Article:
GM Workers Ratify Union Deal

Leah Shepherd By Leah Shepherd November 16, 2023

Editor's Note: On Nov. 17, Ford workers voted in favor of the UAW contract with 68 percent approving it. Stellantis workers have approved their contract as well. 

General Motors (GM) workers have narrowly approved the deal the United Auto Workers (UAW) union recently negotiated with the carmaker. The voting concluded on Nov. 16.

Earlier this year, about 40,000 UAW members went on strike after their contract with General Motors, Ford and Stellantis expired on Sept. 15. It was the union's first strike against all of Detroit's Big Three automakers simultaneously. Ford and Stellantis workers are still voting on their deals.

Also on Nov. 16, President Joe Biden signed a memorandum to emphasize the administration's global commitment to worker rights.

The memorandum signaled the administration's pledge to prevent threats, intimidation and violence against union leaders. It also promised to enhance training on labor rights across federal agencies and strengthen enforcement of trade laws to promote internationally recognized labor rights.

We've gathered a group of articles on the news from SHRM Online and other trusted sources.

Some Large Plants Rejected Deal

The GM deal was supported by 54.7 percent of the nearly 36,000 auto workers who voted. A majority of GM's large assembly plants rejected the pact, but it wasn't enough to offset support at smaller facilities and a handful of other assembly plants.

The GM deal includes 25 percent pay increases, a path to secure future jobs for union ranks at battery plants, and a springboard for organizing efforts at other nonunion automakers operating in the United States.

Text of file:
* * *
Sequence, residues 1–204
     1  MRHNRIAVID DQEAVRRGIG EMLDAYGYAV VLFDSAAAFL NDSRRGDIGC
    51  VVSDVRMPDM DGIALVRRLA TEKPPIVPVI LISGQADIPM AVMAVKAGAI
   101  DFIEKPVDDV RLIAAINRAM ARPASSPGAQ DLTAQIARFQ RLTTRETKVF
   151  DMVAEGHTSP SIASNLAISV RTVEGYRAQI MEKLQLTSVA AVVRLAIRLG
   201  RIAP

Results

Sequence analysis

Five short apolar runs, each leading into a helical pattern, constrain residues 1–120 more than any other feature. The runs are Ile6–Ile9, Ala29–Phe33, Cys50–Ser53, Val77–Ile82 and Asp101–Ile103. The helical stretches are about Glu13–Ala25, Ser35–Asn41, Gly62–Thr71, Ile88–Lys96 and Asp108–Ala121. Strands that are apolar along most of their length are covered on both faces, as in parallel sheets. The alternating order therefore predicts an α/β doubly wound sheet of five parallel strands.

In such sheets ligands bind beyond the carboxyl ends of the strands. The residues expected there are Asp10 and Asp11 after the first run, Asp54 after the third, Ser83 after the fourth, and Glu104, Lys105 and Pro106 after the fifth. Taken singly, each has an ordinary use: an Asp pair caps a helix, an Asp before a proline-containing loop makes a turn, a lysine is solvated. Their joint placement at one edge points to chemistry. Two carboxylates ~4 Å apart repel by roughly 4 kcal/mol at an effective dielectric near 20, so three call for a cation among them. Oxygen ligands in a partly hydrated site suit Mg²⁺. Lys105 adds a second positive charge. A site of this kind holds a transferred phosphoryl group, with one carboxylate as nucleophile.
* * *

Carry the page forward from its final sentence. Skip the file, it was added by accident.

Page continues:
Concerns Over Pensions

The close vote at GM comes after union leaders touted the deal, achieved after a 46-day strike. Main issues with the deal seem to mostly be held by legacy workers who've been with the company for more than a decade. Their concerns include not enough gains for pensions and not enough in wage increases for workers who are barely making more than they were before GM went bankrupt in 2009.

Meanwhile, competitors like Toyota, Honda and Hyundai recently announced their own steps to stay competitive, including wage increases and decreasing timelines for workers to get to the top of the pay scale.

(Detroit News)

Pay Hikes and COLAs

The UAW said the GM agreement grants 25 percent base wage increases through April 2028, and will cumulatively raise the top wage by 33 percent compounded with estimated cost-of-living adjustments (COLAs) to over $42 an hour. The starting wage will increase by 70 percent compounded with estimated COLAs to over $30 an hour.

GM will offer three buyout programs from January 2024 through the life of the agreement that include a $50,000 lump sum pretax retirement incentive for traditional employees who meet the normal or early retirement eligibility requirements.

The UAW's agreement with GM largely mirrors the tentative deals with Ford and Stellantis.

(Detroit Free Press)

Ford and Stellantis Workers Still Voting

Voting is still underway for the Ford and Stellantis deals. Currently, about 67 percent of Ford workers who have voted are in favor of the UAW deal, and about 66 percent of Stellantis workers have so far voted in favor, according to UAW figures. Ford voting is scheduled to finish on Nov. 17, while Stellantis voting is set to close on Nov. 21.


Three Deals Are Similar

The Stellantis deal includes a 25 percent hike in base wages through April 2028, and the starting wage will increase to over $30 an hour, according to UAW. Stellantis is the parent company of Chrysler, Dodge, Jeep and Ram.

The Ford deal will cumulatively raise the top wage to more than $40 an hour, including an increase of 68 percent for starting wages to over $28 an hour. It also includes reinstatement of cost-of-living adjustments, a three-year path to top wages and the right to strike over plant closures.

(SHRM Online and SHRM Online)



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